The bridge jump
Without a doubt one of the greatest movie stunts of all time, and certainly the greatest Bond stunt so far, the "astro spiral jump", as it was ridiculously known, was performed in one take by a stunt driver who'd never done it before. It's utterly ludicrous, of course, but that doesn't detract from its genius. What does detract from its genius is John Barry playing a comedy whistle over it as if Bond's trousers have fallen down. BAD BARRY.

BlogalongaBond will return with The Spy Who Loved Me

What the hell is BlogalongaBond? I'll tell you.
Further BlogalongaBondareading here

Wednesday, 28 September 2011

Watching Films Outside Is The New Black

Last Friday evening I hauled my ass all the way to London's delightful Fulham Palace to see an outdoor screening of Some Like It Hot.
I don't know about the rest of the country but you can't walk ten paces in London during the summer without tripping over an outdoor screening of something or other. They're everywhere. I've managed to get to a pathetically embarrassing four this year - the Die Hard / Attack The Block double bill at Somerset House, The General at Canary Wharf, Rocky on the roof of the Queen Of Hoxton pub and Some Like It Hot.

Given the right conditions - an absence of rain, at least a bottle of wine per person and a good crowd - these screenings can turn a good film into a great experience. Discovering The General at The Scoop a few years ago, and watching open-air singalongs like Moulin Rouge!, Singin' In The Rain (in the rain) and even Mamma Mia! have been some of the best nights out I've ever had in the capital. In fact I was saddened to discover recently that watching Mamma Mia! at home with less than a bottle of wine inside you is the movie equivalent of going to bed drunk with Amanda Seyfried and waking up in the morning to find you've actually slept with Stellan Skarsgård.
Conditions were almost perfect at Fulham Palace (the audience could have been a bit more enthusiastic: by and large they looked like they were a bit scared to have left the comfort of Waitrose) and The Nomad, who put the screening on, did a fine job with the extracurricular entertainment even though none of it was of any use to me. There was a live jazz band (I hate jazz), a man shining shoes for free (I am rarely seen without trainers) and a small photo studio where you could dress up like a 1920s flapper and have your picture taken (I'm not a transvestite).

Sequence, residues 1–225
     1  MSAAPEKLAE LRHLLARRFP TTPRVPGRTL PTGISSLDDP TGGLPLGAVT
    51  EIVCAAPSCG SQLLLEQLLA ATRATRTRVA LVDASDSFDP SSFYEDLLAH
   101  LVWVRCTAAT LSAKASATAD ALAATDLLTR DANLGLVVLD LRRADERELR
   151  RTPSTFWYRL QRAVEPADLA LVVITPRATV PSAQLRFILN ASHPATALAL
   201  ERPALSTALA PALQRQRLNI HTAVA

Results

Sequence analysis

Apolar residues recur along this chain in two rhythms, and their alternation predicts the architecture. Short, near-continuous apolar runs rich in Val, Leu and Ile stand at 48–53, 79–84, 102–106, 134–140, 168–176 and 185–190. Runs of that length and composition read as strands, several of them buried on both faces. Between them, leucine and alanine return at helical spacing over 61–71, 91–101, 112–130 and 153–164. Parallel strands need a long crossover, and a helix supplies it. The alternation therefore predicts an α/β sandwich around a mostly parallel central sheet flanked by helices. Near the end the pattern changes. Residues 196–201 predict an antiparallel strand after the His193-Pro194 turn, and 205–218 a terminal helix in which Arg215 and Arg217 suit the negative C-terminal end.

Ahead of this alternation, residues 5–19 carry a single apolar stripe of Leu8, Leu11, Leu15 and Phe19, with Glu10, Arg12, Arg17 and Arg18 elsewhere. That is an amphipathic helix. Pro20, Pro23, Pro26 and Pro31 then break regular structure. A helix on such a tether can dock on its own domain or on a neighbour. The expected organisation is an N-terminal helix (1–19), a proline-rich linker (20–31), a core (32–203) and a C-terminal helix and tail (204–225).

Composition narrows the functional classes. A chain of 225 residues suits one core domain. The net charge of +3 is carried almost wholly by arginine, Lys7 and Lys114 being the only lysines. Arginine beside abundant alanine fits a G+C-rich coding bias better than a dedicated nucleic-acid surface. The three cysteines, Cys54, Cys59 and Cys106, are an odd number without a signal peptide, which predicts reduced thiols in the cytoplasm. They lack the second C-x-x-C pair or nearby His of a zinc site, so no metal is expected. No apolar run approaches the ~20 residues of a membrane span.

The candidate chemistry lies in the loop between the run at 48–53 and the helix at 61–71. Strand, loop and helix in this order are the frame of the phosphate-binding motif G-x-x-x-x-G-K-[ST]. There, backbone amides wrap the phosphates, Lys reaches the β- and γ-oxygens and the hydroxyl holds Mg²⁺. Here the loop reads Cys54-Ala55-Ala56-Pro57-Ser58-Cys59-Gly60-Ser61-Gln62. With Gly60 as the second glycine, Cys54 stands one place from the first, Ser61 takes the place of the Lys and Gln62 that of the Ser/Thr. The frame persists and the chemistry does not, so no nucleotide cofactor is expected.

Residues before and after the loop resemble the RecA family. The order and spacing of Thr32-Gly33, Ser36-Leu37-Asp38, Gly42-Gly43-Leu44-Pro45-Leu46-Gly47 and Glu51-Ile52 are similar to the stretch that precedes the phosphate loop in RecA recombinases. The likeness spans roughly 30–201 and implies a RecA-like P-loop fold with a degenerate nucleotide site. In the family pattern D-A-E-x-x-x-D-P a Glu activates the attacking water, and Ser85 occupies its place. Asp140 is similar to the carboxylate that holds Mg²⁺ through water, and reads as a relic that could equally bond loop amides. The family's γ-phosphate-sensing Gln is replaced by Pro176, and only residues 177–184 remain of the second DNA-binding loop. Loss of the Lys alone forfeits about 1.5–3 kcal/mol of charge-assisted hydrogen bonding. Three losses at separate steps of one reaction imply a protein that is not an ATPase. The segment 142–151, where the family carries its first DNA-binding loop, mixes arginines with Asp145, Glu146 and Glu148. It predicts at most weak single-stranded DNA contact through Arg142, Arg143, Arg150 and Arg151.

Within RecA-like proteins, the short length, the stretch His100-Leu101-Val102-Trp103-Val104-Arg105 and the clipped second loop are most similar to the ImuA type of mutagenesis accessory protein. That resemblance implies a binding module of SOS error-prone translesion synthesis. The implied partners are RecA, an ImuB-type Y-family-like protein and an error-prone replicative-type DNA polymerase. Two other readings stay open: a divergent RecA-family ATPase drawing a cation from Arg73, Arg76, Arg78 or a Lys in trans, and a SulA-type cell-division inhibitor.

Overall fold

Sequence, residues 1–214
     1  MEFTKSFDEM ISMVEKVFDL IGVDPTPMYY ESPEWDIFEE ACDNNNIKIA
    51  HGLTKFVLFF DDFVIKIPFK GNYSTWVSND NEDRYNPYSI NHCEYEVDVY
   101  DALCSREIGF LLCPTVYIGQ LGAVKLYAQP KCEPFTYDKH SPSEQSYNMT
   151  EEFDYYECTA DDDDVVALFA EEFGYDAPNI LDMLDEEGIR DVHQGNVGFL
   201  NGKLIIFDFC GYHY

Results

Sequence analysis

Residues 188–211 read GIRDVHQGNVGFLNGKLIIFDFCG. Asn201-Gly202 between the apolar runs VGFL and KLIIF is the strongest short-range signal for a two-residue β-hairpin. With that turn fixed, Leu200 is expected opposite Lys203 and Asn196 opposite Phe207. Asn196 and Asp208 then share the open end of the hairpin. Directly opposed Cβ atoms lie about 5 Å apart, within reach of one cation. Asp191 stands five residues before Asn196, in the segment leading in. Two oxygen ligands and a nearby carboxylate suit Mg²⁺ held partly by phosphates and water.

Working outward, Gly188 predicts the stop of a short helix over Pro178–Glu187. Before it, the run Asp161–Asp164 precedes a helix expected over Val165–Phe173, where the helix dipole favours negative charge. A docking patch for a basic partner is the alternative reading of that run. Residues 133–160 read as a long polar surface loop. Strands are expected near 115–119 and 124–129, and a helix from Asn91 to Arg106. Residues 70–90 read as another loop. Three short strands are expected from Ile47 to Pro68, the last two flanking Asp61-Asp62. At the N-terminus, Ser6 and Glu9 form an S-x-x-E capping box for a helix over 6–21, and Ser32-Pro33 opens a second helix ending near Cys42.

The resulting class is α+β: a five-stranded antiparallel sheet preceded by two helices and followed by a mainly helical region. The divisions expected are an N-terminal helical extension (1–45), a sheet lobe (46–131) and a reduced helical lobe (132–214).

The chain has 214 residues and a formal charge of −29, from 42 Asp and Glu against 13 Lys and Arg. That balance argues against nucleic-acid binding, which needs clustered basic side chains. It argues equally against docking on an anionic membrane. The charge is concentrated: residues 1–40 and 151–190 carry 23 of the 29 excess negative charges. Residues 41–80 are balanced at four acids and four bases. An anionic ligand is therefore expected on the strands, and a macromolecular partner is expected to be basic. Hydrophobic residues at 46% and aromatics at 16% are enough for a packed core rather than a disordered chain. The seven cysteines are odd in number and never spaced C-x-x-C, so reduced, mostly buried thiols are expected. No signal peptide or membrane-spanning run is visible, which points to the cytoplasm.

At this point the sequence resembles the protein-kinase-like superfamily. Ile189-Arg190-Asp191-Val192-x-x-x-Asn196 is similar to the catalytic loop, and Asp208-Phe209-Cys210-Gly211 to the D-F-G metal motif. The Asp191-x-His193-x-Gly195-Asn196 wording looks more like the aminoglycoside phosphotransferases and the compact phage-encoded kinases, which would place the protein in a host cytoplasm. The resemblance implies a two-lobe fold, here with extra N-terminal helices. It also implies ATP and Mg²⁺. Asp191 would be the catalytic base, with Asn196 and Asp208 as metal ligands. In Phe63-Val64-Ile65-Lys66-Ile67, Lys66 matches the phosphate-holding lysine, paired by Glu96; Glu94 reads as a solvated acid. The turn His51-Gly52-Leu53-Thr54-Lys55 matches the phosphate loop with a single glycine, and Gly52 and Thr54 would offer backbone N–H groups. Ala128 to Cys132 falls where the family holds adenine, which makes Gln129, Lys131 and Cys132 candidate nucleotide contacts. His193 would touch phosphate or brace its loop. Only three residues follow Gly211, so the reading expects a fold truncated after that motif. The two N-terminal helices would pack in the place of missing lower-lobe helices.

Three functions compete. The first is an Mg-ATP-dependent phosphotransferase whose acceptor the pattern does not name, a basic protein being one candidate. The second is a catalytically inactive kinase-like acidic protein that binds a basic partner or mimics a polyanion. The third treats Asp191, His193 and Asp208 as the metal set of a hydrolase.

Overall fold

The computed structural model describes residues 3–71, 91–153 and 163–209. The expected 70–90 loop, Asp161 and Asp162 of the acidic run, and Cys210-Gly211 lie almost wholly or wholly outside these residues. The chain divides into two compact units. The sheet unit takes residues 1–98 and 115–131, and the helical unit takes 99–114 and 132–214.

Picture and sound quality were tip-top - not an easy thing to get right outdoors - and there was plenty of room to spread out; in fact the only thing missing was my own personal toilet, as it's impossible to duck out of Some Like It Hot without missing a few pages of some of the greatest dialogue ever written for the screen.

But it was Billy Wilder's masterpiece that made the evening such a joy. It's at least twenty years since I last saw Some Like It Hot, and its brilliance went straight over my stupid spotty-faced head then. This time I boggled at the perfection of Wilder's compositions, literally almost wet myself at every zinger that flew out of the script, fell in love with Marilyn Monroe, delighted in the company of Jack Lemmon and Tony Curtis and probably actually pissed myself at Curtis' Cary Grant impression ("Who talks like that?").
I'd like to think that Some Like It Hot stands up to repeat viewings better than Mamma Mia!, but if not I'll be only too happy to find it at another outdoor screening next year and enjoy another bladder-threatening evening of ridiculous fun.

Tuesday, 27 September 2011

BlogalongaMuppets #1: Beaker Reviews The Muppet Movie

Sup bitches? I'm Beaker, the greatest fucking Muppet of them all, and this is BlogalongaMuppets. It's like BlogalongaBond but shitloads better because it's got me in it and not some walking pair of eyebrows poncing about pretending to be hard and calling everyone "darling". Wanker.

Anyway, I'm here to tell you all about my first film, The Muppet Movie, so at least have the common decency to shut the fuck up and listen.
It's all right I suppose. There are some good bits, like that little green prick Kermit riding a bike and a giant version of crack-addicted mentalist Animal emerging from the top of a building and that, but by and large it's a bit flat. There isn't a right lot going on to justify even 95 minutes of running time, and some of the songs are a bit insipid. "Why are there so many songs about rainbows?" I don't fucking know, but you're not helping by wailing another one out are you, you great green turd? Jesus. And when you've seen one cameo from a late '70s American comedian, well, you've seen them all. And in this film I think you actually do see them all. Most of them aren't even funny, they're just desperate to jump on the Muppet bandwagon, the pathetic bastards.